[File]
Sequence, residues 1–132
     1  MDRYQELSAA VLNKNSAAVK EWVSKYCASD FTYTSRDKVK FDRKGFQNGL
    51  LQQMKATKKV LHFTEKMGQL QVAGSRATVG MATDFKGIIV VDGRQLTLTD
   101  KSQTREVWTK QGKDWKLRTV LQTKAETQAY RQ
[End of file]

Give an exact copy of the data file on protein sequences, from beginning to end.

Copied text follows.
Sequence, residues 1–132
     1  MDRYQELSAA VLNKNSAAVK EWVSKYCASD FTYTSRDKVK FDRKGFQNGL
    51  LQQMKATKKV LHFTEKMGQL QVAGSRATVG MATDFKGIIV VDGRQLTLTD
   101  KSQTREVWTK QGKDWKLRTV LQTKAETQAY RQ